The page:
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Program Of the People: Widening the Path

2022 Community Collections Grant Recipients

Community Collections Grants from the American Folklife Center support contemporary cultural field research within diverse communities. Opportunities are available for Individuals and Organizations.

The Library of Congress American Folklife Center is pleased to announce the inaugural recipient cohort of the Community Collections Grant program. Beginning in March, these 10 awardees will work over the next 12 months to complete a range of engaging and meaningful research. This work will ultimately be included in the Library’s various permanent collections.


Karen Abdul-Malik

stylized image of Karen Abdul Malik

PROJECT: Community on the Line: The Culture of R&B Urban Line Dancing in the Philadelphia, New Jersey and Delaware Tri-state Area

LOCATION: Pennsylvania, New Jersey, Delaware

DESCRIPTION: An interdisciplinary project and planning team comprised of members of the Soul Line dance community will conduct a broad examination of the R&B Urban Line dance culture and community in the greater Philadelphia region. Through interviews with dancers, choreographers and participants and documentation of dance gathering places and events, this project explores the R&B or Soul Line — a body of African American expressive creative culture that includes dance, music, language, dress, social gatherings and celebrations. External

Jorge Félix

stylized image of Jose Felix

PROJECT: Sofrito Conversations: Bridging the North and West of Chicago

LOCATION: Chicago, Illinois

DESCRIPTION: Cultural food practices provide an opportunity to create bonds between Black Latino neighbors in northwest Chicago communities, including Austin, Belmont Cragin, Hermosa, Humboldt Park, Montclare and West Garfield Park neighborhoods. Afro-Boricua artist, curator and longtime Chicago resident Jorge Félix will undertake a documentation project exploring foodways practices, traditions and events. The project will unfold through a series of cross-generational public conversations, interviews and documentation that captures the recipes and stories told by friends and families in northwest side home kitchens, barbecues in community parks, church potlucks, food offerings to Afro-Caribbean religious icons, and with street food vendors, restauranteurs and others. External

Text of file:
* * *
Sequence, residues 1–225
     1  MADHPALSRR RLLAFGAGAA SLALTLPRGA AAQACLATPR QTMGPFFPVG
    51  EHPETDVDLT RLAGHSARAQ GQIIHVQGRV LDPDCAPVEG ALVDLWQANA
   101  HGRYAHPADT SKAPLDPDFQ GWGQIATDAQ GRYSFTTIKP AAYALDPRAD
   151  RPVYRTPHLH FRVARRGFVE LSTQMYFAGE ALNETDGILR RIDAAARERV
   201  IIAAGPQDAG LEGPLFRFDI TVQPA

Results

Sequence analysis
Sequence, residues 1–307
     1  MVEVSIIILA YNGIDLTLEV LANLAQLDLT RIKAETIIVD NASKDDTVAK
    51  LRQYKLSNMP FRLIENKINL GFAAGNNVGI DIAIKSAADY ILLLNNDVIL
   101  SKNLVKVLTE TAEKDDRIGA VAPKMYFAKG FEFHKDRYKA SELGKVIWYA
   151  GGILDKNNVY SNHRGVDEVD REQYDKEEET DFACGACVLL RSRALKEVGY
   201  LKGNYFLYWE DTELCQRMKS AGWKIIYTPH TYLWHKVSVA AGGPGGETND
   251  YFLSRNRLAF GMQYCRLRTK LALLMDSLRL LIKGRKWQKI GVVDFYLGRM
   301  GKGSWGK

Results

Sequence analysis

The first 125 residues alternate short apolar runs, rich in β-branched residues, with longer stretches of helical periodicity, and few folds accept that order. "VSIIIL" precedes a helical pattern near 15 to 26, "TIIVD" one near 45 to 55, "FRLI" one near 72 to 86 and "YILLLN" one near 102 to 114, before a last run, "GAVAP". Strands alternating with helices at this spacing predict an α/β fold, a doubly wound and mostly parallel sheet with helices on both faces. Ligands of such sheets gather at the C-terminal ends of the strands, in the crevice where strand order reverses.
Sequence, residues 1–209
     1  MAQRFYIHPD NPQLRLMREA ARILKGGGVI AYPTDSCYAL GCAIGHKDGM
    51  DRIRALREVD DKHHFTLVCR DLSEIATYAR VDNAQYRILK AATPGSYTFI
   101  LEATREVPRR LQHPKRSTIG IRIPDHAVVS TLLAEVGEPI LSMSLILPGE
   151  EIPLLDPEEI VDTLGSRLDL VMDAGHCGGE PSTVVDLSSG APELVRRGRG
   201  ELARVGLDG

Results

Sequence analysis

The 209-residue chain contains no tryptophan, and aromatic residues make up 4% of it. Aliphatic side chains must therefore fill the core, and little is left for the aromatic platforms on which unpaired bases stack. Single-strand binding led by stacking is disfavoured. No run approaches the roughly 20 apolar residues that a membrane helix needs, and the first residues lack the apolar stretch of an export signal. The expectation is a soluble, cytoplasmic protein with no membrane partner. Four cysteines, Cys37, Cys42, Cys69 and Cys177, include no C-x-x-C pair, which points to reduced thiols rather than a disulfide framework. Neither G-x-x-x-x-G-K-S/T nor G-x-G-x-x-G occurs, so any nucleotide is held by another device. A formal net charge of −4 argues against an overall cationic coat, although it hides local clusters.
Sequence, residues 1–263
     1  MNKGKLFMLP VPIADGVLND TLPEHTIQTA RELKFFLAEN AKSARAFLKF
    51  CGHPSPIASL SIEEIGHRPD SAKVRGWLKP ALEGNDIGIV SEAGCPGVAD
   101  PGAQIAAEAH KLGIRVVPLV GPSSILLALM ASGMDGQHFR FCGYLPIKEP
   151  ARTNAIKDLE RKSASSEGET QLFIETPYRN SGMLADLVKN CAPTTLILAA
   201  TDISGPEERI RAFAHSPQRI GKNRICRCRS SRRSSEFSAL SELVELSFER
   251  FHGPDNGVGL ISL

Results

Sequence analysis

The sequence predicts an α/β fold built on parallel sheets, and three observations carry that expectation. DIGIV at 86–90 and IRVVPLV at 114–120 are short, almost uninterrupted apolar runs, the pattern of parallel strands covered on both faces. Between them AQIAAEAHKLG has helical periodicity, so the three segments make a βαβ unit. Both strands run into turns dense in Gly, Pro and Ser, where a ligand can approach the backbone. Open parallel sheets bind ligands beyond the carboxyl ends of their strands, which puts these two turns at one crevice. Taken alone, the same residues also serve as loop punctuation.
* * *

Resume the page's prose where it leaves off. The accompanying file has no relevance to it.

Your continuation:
Tammy Greer

stylized image of Tammy Greer

PROJECT: And We Are Still Here: Indigenous Culture Bearers of Houma Communities

LOCATION: Louisiana - southern coastal parishes

DESCRIPTION: A United Houma Nation scholar and cultural leader will lead a team of tribal documentarians, artists and elders in a documentation project that highlights significant components of Houma cultural identity. The team will document the work of 16 Houma culture bearers through interviews, photos, videos and audio recordings, following the transmission of their work from the harvesting and processing materials, creating art works from those materials, and the pricing, displaying and sales of artwork, culminating with the launch of the United Houma Nation Traditional Tribal Artists Festival.

Mark Lupenui

stylized image of Mark Lupenui

PROJECT: Unearthing the Lost Songs of Kohala

LOCATION: Kohala, Hawai’i (Big Island)

DESCRIPTION: This project will document unrecorded or “heirloom songs” of the Kohala region of the Big island of Hawai’i. Local musicians will work with members of the community who have been in Kohala for several generations to document a shared cultural legacy of original compositions held within families that chronicle ways of life that inform the care for land and communities. These songs are part of a shared cultural legacy, and preserving them for future generations while sharing them to the larger community holds great value. external link

Russell Oliver

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PROJECT: Documenting the Stories, Agricultural Traditions, and Culture of Specialty Coffee Farmers in Puerto Rico

LOCATION: Puerto Rico

DESCRIPTION: Coffee has long been one of Puerto Rico’s primary crops, which forms a central part of the collective culture and identity. This project will document the community of emerging specialty coffee farmers, their combination of traditional and next-generation sustainable farming practices, and preparation of coffee from seed to cup. Documentation will focus on farms in Yauco, Puerto Rico, and neighboring farms located in Adjuntas, San Sebastián, Lares and Las Marías.